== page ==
Julian Assange and the Axis of Evil
In a hearing in September, a British court ruled against extraditing famed leaker Julian Assange to the US after a psychiatrist told the judge that if Assange were deported, he would commit suicide. On October 27th, lawyers representing the United States said that the claim that Assange would kill himself is false.
Assange, they pointed out, has had a female partner since 2015. Her name is Stella Moris. Despite Assange’s virtual house arrest in London’s Ecuadorian embassy for close to seven years and his current imprisonment in England’s Belmarsh Prison, Assange and Moris have had two children. According to Moris, the two plan to marry before the end of the year. A man with children, argues the US attorney is unlikely to kill himself.
Julian Assange has been trying to prevent his extradition from Britain for eleven years. Assange’s brother and father say he has committed no crime. He has simply championed freedom of speech and transparency.
The US government feels otherwise. It accuses Assange of 17 crimes against the Espionage Act of 1917. And those charges could land Assange in prison for 140 years.
But Assange’s case is really about freedom of speech, transparency, and national security.
Assange is a distributor of top secret information. In 2010, he received hundreds of thousands of American military and state department documents from Chelsea Manning and spread them to some of the world’s most prominent newspapers. The most important leaked material is the gunsight video of an American Apache helicopter attack on ten men standing near a car in Iraq. One minute you see them talking to each other. The next you see the explosion of 30 mm cannon fire and a billow of smoke and dust. When the dust clears, there are no longer any humans. Roughly ten people have been killed.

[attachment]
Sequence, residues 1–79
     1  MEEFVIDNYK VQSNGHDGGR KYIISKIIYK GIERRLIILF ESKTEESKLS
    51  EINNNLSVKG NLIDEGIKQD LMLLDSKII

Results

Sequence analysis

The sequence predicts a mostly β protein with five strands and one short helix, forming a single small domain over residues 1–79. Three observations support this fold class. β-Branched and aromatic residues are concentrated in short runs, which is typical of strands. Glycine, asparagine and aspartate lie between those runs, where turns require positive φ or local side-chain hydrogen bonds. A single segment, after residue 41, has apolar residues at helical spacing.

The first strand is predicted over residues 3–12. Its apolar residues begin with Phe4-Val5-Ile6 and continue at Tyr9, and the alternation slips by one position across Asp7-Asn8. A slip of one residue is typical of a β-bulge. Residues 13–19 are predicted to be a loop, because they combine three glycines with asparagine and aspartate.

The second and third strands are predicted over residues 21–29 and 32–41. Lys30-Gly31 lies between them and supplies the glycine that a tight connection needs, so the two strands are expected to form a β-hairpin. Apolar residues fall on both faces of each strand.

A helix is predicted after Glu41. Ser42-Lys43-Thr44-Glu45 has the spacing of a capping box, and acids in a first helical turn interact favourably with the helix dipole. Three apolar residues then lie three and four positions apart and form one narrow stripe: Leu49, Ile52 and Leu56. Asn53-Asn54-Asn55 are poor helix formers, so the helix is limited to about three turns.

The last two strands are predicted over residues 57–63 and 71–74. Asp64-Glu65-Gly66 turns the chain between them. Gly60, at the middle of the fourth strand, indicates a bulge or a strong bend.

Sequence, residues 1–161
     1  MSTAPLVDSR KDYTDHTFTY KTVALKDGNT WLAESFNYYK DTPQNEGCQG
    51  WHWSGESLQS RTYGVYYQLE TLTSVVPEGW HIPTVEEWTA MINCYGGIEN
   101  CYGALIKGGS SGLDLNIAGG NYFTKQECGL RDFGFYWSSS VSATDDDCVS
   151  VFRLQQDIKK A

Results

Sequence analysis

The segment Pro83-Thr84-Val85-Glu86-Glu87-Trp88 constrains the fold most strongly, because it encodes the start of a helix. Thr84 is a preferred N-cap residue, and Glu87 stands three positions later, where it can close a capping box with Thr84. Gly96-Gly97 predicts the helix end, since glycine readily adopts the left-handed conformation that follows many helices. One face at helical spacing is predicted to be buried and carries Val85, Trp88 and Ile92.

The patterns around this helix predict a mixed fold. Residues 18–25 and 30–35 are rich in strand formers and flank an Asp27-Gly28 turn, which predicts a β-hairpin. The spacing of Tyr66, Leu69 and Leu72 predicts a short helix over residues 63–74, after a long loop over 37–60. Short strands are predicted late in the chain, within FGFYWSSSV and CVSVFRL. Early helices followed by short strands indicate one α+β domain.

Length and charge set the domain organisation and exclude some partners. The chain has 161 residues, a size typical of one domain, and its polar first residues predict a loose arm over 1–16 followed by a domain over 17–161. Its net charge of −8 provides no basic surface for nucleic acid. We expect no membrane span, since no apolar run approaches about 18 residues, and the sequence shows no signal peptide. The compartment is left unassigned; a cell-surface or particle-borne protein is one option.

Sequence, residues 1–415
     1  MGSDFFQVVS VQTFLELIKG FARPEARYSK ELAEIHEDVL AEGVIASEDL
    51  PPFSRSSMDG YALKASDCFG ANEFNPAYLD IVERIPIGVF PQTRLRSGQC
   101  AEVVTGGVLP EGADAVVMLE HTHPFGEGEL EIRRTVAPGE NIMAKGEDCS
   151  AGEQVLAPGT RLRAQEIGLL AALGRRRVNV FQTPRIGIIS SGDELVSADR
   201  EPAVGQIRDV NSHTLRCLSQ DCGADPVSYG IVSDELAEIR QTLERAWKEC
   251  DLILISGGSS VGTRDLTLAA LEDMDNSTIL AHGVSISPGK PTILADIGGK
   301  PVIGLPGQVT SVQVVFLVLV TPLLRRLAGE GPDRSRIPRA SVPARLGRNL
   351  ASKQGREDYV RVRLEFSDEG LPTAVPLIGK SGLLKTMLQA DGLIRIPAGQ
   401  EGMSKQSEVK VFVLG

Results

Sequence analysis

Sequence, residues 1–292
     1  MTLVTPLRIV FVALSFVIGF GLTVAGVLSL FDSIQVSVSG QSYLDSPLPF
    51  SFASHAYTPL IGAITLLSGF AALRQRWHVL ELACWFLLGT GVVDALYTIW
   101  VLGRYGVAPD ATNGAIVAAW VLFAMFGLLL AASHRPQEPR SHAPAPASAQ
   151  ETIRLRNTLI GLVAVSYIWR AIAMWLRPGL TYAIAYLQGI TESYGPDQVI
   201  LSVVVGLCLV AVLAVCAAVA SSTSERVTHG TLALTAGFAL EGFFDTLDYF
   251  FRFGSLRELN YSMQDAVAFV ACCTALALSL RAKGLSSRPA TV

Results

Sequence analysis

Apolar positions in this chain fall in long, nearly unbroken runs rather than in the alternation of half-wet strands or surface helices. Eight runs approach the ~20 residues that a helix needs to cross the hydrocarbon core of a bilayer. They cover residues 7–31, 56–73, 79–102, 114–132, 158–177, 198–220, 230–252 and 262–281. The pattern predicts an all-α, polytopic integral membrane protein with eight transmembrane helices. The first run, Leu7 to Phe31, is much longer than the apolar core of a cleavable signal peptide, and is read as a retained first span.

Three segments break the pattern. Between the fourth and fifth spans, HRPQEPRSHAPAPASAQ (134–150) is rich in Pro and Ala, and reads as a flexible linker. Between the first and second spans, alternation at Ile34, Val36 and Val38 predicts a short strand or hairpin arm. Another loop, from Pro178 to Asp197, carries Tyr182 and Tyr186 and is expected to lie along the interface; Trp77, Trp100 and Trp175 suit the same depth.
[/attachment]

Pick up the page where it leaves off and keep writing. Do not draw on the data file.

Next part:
It turned out that none of those victims were enemy soldiers. All of them were civilians. Including two Reuters employees.[i]
This was information American citizens needed to know. Information that made Assange a darling of the left. Then Assange released information that made democrats furious.
In 2016, at the peak of the battle for the presidency between Hillary Clinton and Donald Trump, Assange leaked 22,000 emails hacked from the Democratic National Committee and from Hillary Clinton’s campaign manager. The emails revealed no crimes or sordid doings, but Donald Trump used them in his rallies to rouse crowds to chants of “lock her up.”
Assange lost his democratic support and became a hero to people like Sean Hannity, who traveled to England to interview Assange at his hideout in the Guatemalan Embassy.
Meanwhile, there is a hidden undercurrent to all of this. We are locked in a competition with an Axis of Evil, an alliance between China, Russia, North Korea, Iran, Syria, Venezuela, and Cuba. That competition includes a cyber war to turn America into a has-been by stealing our technologies and by pitting us against each other.
The Mueller Report demonstrated without question that Vladimir Putin’s intelligence services meddled in the American election of 2016. The Russians wanted to defeat Hillary Clinton and to elect Donald Trump. Why? To undermine us by setting us at each other’s throats.
The Mueller Report also shows how Assange got the Clinton emails from Russian intelligence operatives going under the name of Guccifer 2.0. Assange’s function as a convenient tool may explain why Russian propaganda TV outlet RT paid Assange off with his own chat show while he was holed up in the Guatemalan embassy.
Leakers like Julian Assange do things of heroic value when they reveal errors that we need to correct. And they can do great harm. Assange’s leaks exposed the identities of American intelligence informants in Afghanistan and Iraq, exposing them to death, and blinding us against the next attack.
So how do we square freedom of speech with the need to win the cyberwars with Russia and China? I wish I had an answer, but I don’t.